Friday, December 14, 2007

The Tea Kettle Completes the Image

During these times of television darkness (i.e. writers' strike), I have turned to BBC America.  It happened slowly at first, but now the channel is on at my place more often than ... well, to put it in perspective, more often than Nick @ Nite used to be.

Honestly, I can't even tell you how it started.  I would say it started with Doctor Who, but that's wrong, because for some obscure reason, the BBC (which, y'know, MAKES Doctor Who) sold the rights to the SciFi channel.  BBC America gets the rights later, and if you still haven't watched it by then, it can ultimately show up on your local PBS station.  Point is, though, I was minding my own business watching Doctor Who on SciFi, so have no idea exactly when and how I started picking up BBC America programs.

It may have been when David Tennant (dude currently starring in Doctor Who) was on the Graham Norton Show -- one of them night time talk shows, in the mold of Leno or Letterman.  Except British and really funny.  Norton often has two guests on each night -- and he chats with them both simultaneously, none of this one-at-a-time-to-plug-your-movie thing.  And the second guest is often a comedian, so you've got Norton and the comic throwing out quips while Glenn Close (or whoever) is sitting there in the middle, trying to keep up.  Also:  (1) they all drink on the show, which loosens everyone up; and (2)  Norton often does goofy things with audience members or via a remote camera.  When Glenn Close was on, they took a woman out of the audience, put her in a perm wig in front of a green screen, and had her (over)act the final scene from Fatal Attraction.  He's also just very quick and funny, and at least once per episode, he's said something I've just laughed out loud at.  (It's often something filthy, but funny.)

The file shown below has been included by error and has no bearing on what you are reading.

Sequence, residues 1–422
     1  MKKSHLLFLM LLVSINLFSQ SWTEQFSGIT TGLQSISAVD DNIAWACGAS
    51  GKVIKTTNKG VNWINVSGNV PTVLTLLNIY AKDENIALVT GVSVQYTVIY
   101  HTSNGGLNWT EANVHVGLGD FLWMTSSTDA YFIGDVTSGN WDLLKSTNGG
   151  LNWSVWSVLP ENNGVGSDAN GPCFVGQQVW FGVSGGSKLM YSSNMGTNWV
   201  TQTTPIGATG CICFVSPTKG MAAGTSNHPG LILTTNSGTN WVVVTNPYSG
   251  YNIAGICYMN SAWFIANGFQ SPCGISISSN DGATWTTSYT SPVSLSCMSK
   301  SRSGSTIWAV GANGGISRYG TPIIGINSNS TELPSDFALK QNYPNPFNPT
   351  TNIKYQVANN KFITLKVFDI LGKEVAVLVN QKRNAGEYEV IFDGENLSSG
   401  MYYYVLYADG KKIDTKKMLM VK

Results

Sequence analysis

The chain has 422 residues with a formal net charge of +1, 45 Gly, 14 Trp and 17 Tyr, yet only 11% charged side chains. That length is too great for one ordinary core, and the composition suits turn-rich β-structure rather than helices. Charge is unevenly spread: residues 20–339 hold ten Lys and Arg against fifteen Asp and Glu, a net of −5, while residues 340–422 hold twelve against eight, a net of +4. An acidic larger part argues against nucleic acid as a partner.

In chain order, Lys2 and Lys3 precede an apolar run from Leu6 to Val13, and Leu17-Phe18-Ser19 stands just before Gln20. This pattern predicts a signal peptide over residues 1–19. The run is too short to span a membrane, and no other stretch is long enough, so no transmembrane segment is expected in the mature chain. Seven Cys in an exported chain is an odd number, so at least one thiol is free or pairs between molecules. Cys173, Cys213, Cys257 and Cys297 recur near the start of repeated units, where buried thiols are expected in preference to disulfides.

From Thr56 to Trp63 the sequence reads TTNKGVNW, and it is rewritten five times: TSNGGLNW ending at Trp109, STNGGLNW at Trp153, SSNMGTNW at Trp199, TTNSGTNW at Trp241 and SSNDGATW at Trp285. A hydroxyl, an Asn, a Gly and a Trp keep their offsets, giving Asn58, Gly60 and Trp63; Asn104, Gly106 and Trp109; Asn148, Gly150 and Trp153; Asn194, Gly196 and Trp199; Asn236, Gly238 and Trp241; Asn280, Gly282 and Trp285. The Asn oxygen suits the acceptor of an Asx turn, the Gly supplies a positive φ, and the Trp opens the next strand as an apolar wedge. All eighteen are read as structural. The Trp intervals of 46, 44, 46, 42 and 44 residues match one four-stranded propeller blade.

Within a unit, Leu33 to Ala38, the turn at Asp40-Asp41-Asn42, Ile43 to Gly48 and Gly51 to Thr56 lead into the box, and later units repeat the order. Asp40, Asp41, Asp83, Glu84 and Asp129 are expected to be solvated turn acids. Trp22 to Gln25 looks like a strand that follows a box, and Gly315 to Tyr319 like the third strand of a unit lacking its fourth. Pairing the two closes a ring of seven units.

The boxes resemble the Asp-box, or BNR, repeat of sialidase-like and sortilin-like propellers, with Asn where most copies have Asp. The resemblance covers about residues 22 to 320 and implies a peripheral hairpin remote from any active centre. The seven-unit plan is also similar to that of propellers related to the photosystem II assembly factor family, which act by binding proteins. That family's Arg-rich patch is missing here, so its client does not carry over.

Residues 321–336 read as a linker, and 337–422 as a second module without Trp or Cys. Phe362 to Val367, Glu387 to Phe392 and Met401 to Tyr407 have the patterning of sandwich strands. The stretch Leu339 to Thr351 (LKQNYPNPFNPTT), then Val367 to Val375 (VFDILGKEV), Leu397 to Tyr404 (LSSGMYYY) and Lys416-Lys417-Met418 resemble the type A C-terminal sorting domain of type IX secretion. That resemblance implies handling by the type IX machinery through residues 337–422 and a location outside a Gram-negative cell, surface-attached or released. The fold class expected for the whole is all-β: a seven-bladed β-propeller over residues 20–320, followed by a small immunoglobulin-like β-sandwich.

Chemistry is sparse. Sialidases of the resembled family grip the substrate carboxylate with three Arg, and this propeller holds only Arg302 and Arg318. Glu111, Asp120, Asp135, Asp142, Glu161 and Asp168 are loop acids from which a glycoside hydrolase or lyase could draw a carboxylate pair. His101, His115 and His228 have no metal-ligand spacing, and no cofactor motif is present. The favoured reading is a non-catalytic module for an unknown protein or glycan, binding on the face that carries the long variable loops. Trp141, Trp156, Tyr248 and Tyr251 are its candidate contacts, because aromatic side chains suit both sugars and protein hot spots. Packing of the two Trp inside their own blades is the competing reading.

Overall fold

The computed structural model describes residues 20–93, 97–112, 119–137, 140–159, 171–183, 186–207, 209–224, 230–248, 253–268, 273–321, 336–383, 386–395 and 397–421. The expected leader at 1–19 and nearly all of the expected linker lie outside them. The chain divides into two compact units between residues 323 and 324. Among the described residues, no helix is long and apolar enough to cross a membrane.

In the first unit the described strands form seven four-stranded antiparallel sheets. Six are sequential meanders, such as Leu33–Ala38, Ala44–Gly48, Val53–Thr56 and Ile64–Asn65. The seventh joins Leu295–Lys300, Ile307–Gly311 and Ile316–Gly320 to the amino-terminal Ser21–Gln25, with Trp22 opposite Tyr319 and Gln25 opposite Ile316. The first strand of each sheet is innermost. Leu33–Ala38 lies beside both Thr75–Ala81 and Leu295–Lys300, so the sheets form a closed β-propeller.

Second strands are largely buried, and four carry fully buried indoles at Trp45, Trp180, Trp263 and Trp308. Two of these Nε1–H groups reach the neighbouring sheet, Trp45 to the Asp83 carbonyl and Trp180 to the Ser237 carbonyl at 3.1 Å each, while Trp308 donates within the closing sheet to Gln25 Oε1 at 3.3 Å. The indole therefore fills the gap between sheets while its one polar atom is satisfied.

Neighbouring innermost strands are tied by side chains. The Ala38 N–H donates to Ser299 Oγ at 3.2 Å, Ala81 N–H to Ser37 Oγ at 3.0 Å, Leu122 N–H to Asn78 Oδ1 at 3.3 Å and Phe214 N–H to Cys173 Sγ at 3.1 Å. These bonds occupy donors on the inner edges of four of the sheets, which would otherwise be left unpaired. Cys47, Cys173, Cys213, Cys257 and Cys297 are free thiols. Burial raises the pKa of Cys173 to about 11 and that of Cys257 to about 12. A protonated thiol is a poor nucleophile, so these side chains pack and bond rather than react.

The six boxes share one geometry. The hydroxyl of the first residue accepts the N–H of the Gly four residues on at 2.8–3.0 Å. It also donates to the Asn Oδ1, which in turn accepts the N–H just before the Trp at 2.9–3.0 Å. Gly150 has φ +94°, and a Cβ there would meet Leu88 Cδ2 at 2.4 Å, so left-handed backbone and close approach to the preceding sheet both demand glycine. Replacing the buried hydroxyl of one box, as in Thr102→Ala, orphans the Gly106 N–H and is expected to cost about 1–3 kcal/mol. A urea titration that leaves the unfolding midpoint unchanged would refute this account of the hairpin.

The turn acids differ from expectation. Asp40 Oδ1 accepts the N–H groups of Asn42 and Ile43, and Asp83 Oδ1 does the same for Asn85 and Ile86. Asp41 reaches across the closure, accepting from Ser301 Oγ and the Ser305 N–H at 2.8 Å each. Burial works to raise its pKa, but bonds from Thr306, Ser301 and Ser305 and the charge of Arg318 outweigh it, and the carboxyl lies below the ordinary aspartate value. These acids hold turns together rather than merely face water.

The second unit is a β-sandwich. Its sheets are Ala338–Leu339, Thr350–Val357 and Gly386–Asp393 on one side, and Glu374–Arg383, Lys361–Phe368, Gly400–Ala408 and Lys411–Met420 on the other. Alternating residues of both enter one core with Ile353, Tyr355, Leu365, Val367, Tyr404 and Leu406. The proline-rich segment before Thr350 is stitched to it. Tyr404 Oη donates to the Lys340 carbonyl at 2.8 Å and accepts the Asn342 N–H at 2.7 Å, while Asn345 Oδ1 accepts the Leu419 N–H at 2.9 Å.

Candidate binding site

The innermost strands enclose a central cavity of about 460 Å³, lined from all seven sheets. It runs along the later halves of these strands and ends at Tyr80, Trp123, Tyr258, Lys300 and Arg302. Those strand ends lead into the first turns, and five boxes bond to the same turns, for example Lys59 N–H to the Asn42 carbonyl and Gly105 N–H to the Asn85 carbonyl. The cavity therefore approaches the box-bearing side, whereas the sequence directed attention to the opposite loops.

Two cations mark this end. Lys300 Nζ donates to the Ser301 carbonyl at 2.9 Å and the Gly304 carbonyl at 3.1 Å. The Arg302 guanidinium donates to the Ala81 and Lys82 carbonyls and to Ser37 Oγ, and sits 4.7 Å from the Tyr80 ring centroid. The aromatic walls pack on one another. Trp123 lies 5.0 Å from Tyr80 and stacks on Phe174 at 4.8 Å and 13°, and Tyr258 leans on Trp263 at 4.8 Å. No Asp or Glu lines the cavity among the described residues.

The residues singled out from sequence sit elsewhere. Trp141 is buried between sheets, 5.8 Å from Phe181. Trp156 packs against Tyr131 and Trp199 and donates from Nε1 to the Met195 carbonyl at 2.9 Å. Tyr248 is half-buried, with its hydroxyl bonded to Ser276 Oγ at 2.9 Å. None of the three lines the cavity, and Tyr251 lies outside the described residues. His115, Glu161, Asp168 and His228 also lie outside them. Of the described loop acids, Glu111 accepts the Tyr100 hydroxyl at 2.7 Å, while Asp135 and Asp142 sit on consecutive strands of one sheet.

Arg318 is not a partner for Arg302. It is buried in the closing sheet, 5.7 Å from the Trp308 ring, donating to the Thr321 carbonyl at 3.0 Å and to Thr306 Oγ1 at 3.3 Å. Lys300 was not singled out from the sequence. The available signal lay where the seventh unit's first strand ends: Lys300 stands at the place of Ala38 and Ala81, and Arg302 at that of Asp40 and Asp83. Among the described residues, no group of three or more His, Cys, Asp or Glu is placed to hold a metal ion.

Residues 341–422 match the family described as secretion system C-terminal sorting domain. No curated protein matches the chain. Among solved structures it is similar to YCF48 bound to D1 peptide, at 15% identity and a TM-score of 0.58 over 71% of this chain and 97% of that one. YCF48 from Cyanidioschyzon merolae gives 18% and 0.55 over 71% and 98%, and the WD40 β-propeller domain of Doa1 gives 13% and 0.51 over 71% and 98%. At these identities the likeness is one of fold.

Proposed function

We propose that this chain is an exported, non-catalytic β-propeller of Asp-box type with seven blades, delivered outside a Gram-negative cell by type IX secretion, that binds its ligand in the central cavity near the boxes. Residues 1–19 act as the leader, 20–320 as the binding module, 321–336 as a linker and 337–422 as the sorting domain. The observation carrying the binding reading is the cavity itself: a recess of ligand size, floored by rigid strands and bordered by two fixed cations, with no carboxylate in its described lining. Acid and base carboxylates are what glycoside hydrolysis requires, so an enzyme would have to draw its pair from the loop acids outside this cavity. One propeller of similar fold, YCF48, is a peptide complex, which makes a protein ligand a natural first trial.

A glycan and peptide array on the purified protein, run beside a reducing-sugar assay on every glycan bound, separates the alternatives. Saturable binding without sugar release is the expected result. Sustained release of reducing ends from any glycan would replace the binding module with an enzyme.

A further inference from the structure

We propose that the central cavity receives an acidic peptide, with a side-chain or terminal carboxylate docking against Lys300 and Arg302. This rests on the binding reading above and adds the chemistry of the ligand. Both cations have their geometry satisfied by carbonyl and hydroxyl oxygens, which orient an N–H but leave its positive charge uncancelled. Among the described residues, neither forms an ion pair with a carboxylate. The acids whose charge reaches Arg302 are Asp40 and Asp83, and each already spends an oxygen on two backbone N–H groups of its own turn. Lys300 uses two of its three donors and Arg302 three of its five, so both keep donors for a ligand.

So, OK, weekly late night television show taken care of.

Then I picked up the news.

BBC America had been advertising their new newscast (BBC World News America or something) which isn't just BBC News exported, but a real live actual news program by the BBC folks geared just toward us.  To be completely fair, I haven't watched American network news in ages (other than watching CNN in hotel rooms, I still get most of my news from Jon Stewart and Stephen Colbert) but this is actually ... Ihate to admit it, but it's kinda like World News with Training Wheels.  Except there's nothing particularly patronizing about it.  But I do get the feeling that whoever is behind the show thought, "Y'know, these Americans don't know all that much about what's going on in the world" so they often start each story from scratch.  Like, whenever they're talking about something happening in, say, Pakistan, it starts with a little globe spinning over to Pakistan, just in case you're not quite up on where the hell Pakistan is.  Then they give you a little bit of background before launching into the story.  The coverage is also quite remarkable compared to what I'm used to -- the BBC claims one of the advantages to their news program is that they've got people everywhere, and they really do.  VERY few remote stories are just a reporter standing in front of a local landmark -- they're out there in the streets, talking to locals, getting their opinions on things.  So, like, before the Russian elections, we had a whole story on Siberia -- how Putin has changed it, and what locals think of him.  I find the whole thing very impressive.

Am slowly venturing into their actual primetime TV shows, too.  Having actually yielded to their constant bombardment of ads for "the final season" of Life on Mars, I finally sat down to watch the season premiere.  (Hint:  Has nothing to do with Mars.)  Was so impressed, I went right out and ordered the DVD of the first season.

And as for why the hell I'm watching Bargain Hunt and Cash in the Attic before bedtime, well, that's anyone's guess.

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